Bony impactionoccurs when the tooth is
blocked by both bone and soft tissue. The soft tissue
must be removed to gain access to the tooth before it can
be extracted. The oral surgeon removes the alveolar
bone over the impaction using a bur or chisel and mallet.
Removal of the bone provides access for elevators or
extraction forceps to extract the tooth. A surgical
handpiece with a bur may also be used to section the
tooth into four pieces and then each piece is removed
separately. A commonly performed impacted
extraction is the removal of unerupted third molars.
Alveoloplasty involves contouring the alveolar
structures. It may be done in conjunction with multiple
surgical extractions to eliminate sharp bone edges that
could cause discomfort to the patient, and to provide
suitably contoured bone structure for denture
fabrication and insertion. An alveoloplasty may also
be performed to contour the bone without being in
conjunction with extractions.
Osteotomy literally means cutting away of bone.
Osteotomies include maxillofacial surgery performed
to modify or correct facial abnormalities, such as
protrusion of the mandible or maxilla where the bone is
placed as far forward as possible, or retrusion of the
mandible or maxilla where the bone is placed as far
back as possible. The oral surgeon may also perform
an osteotomy on a patient who has a fractured
mandible or maxilla. The patient's teeth are splinted to
bind them together into one unit using arch bars, elastic
bands, and interdental sutures using wire. This keeps
the bones in place, while they heal into the correct
position. After healing takes places, the splint and
wiring are removed.
Exostosis is the surgical removal of bony growths
projecting past the normal contour of a bony surface. It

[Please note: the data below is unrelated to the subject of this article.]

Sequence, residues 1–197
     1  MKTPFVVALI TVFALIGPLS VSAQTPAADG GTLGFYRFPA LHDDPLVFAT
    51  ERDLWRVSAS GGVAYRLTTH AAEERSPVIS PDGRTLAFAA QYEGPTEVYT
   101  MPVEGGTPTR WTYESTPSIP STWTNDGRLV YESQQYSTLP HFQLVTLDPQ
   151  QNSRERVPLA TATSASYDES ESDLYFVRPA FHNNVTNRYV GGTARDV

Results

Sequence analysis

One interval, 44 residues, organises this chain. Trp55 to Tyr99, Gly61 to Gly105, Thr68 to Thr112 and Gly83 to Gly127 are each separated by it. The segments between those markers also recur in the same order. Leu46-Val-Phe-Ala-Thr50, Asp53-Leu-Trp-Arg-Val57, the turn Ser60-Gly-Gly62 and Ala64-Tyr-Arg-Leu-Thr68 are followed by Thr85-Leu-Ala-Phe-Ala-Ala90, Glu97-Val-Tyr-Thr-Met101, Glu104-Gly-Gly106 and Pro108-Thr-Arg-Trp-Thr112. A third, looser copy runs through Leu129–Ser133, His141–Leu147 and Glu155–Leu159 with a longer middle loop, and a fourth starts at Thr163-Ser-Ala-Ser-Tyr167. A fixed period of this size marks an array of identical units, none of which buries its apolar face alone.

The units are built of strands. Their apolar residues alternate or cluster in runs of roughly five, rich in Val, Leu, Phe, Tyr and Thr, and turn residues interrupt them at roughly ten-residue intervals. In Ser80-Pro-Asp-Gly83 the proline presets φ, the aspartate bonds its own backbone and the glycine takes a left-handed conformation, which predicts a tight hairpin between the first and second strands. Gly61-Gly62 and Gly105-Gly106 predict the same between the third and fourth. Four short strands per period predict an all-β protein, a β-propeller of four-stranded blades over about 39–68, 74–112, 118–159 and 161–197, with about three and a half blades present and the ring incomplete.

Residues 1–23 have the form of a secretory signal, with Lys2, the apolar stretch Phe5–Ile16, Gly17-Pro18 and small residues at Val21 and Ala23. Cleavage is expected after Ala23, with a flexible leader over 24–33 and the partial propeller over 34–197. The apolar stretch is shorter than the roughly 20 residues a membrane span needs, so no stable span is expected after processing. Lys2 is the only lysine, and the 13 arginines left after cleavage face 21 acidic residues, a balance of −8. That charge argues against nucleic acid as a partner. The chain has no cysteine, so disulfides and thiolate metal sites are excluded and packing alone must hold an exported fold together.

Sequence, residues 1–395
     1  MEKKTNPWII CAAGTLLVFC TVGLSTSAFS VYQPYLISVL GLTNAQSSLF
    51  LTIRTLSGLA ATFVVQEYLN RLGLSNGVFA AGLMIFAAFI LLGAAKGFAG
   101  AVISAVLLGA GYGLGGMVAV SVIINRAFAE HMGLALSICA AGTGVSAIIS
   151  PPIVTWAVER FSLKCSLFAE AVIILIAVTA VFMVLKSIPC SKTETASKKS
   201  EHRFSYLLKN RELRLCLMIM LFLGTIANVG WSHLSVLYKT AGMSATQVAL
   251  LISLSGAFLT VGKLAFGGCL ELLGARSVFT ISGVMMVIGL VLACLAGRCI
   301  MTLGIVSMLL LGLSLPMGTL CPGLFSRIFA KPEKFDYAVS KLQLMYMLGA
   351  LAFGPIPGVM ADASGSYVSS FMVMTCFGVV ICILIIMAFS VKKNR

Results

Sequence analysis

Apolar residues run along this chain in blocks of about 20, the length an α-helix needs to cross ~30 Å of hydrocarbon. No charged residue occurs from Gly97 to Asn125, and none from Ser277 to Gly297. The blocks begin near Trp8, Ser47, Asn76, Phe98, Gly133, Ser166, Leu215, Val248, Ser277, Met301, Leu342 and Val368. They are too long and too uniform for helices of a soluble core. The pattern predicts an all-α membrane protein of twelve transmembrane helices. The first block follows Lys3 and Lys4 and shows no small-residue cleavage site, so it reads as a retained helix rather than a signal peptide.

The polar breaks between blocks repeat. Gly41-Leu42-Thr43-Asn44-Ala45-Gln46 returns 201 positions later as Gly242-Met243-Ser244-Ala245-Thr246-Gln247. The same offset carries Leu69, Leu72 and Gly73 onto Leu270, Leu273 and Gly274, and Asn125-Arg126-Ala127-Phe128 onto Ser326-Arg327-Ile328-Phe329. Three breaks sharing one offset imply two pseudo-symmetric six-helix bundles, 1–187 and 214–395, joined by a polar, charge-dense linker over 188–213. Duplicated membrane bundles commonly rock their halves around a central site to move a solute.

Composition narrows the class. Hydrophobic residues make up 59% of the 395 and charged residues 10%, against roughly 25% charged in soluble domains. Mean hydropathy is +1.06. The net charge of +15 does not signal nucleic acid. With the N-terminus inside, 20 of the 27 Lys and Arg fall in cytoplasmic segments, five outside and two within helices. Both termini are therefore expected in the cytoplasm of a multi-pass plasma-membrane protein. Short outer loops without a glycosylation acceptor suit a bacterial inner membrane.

includes torus mandibularis often found on the
lingual surfaces of the body of the mandible, and torus
palantinus located on the center of the hard palate.
Usually, tori removals are performed to permit
fabrication and insertion of dentures, or to improve
speaking or eating functions.
A frenectomy is a surgical procedure used to
remove a malattached facial or lingual frenum. A
frenum is the tissue that attaches the tongue, cheeks,
and lips to the alveolar process of the upper and lower
jaw. The malattached tissue restricts movement of the
tongue (lingual frenum) or lips (labial frenum). The
frenum may be removed, loosened, or repositioned.
The excision of the lingual frenum is done to help
correct a condition known as tongue-tie. The labial
frenum may require surgery to enable better lip
movement, and to help prevent large diastemas
(spaces) between erupting central incisors.
Frenectomies are commonly performed on children.
A localized area of abnormal tissue is referred to as
a lesion. A biopsy is a surgical procedure to remove a
piece of tissue from the lesion for diagnostic and
microscopic examination. The information obtained
from a biopsy procedure assists the dentist in arriving
at a diagnosis and predicting the prognosis of the
disease. It is common in dentistry to remove both
normal and abnormal tissue from the surgical site for
The tissue specimen should be handled carefully to
prevent crushing or tearing. Immediately place it into a
specimen bottle containing a sufficient amount of 10
percent of buffered formalin to preserve it. Before
submitting the specimen, ensure that the bottle is
tightly closed and labeled properly. At a minimum, the
label should include the patient's name, age, sex, and
the dentist's name, your commands name, and the date
of the biopsy. The dentist will include a Tissue
Examination, SF-515 Form, with the specimen along
with a tentative diagnosis that is sent to an oral
histopathology center. If the histopathology report of
an oral biopsy has a premalignant or malignant
diagnosis, the dentist must notify the patient of the
results. Two common biopsy methods used in
dentistry are incision and excision methods.
The incision method involves the removal of a
sample of the lesion for examination. A wedge-shaped
section of the tissue from the lesion along with
adjacent normal tissue is removed for comparison.
The biopsy site is sutured and the patient is dismissed.
The incision method generally is used when the
lesion is large or in a strategic area where complete
removal of the lesion would create significant esthetic
or functional impairment. Complete surgical removal
of the lesion is not indicated until a final diagnosis is